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Showing posts from January, 2024

Partnering with schools: A conversation with a public school teacher

By Jessica Pierson Russo Jessica Russo , a 20+ year youth development professional, and her husband Mark Russo, with 20+ years as a public school teacher, discuss the benefits of partnerships between formal and nonformal education.  Jessica : Mark, you have been teaching in the school systems for over 20 years, but you’ve also done some nonformal education—Boy Scouts, you helped me lead a 4-H club for a while, and you’ve taught after school classes as well. I’ve seen your attitude towards nonformal education change over time because of your experiences and your conversations with me. I wanted to understand how that happened, because I know I, and many of my colleagues in youth development, struggle with starting partnerships with schools. Nonformal education tends to get overlooked or seen as merely a way to entertain kids. What can you remember about your previous experience and thoughts about nonformal education?  Mark : I remember being hyper-focused on the few things that I had con

Rethinking behavior management

By  Courtney Johnson & Katie Ecklund No matter what age group we're working with, most of us have experienced this frustrating situation: You have a great program planned, you’ve got everything prepped, but when you enter the program space, things go haywire. Emotions erupt, youth are struggling to stay focused, arguments are happening, and your program plan seems to be flying out the window. At this point, you may be looking for strategies on behavior management. But is behavior management what’s really needed, or is it something else?  Behavior management is the term we often use in programming to describe keeping order, and there is no end to the number of approaches out there. However, if we look closer, we may find the words themselves are problematic. Google the definition of management, and you’ll find "the process of dealing with or controlling things or people."   Other definitions include, the "judicious use of means to accomplish an end," which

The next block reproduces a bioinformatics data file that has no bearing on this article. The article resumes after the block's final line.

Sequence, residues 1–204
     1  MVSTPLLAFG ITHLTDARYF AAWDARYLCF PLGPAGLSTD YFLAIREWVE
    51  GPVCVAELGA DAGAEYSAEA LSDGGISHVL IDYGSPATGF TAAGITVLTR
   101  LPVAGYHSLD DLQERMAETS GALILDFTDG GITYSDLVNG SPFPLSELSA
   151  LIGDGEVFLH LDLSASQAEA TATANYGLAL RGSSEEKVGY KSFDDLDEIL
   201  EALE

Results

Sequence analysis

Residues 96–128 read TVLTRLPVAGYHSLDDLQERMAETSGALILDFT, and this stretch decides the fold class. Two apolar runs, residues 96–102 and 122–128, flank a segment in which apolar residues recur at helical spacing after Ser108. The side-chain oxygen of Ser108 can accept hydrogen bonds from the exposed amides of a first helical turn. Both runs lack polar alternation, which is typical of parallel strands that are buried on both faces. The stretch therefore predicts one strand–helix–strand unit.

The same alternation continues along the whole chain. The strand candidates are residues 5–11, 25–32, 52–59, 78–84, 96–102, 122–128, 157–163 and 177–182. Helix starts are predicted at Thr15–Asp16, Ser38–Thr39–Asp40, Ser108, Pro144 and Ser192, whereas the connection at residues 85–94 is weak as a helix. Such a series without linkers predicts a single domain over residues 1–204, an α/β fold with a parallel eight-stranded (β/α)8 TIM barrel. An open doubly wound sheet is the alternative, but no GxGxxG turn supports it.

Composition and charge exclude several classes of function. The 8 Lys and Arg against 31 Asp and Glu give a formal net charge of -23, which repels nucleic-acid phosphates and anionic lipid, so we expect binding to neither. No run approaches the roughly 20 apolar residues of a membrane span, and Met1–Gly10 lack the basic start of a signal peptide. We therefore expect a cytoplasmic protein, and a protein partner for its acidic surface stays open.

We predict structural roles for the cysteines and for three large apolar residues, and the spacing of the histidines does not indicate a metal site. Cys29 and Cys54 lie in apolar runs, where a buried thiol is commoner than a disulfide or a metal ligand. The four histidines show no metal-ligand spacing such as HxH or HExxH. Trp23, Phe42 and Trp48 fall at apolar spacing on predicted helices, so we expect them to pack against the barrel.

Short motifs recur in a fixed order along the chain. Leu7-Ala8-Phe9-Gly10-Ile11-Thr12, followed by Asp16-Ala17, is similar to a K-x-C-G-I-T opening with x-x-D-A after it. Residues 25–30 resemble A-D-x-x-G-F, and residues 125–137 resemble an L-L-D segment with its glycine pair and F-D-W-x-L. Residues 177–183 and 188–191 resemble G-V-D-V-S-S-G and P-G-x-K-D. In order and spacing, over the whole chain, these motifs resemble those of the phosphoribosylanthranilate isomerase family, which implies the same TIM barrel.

Elevator speeches for youth

By Nicole Kudrle I attended a kickoff event for 4-H youth leaders in part of the northeast region in Minnesota. At this event, youth learned all about what it means to be a 4-H youth leader in their county, what they can do as a youth leader, and got to know other youth who also wanted to be a leader in their county.  After the meeting, I had a conversation with a few youth about how the event went for them and what they enjoyed the most. The conversation then led into what the youth wanted to learn about this year. The thing that stood out to me during our conversations was the youth wanted to learn how to talk to the public about 4-H. The youth indicated that they often talk with friends, family, and sometimes the media about their experiences in 4-H and they are always at a loss for what to say.  Youth are the heart of the 4-H organization and as youth get older they spend more time talking with friends about what they are passionate about. These conversations are really word of mou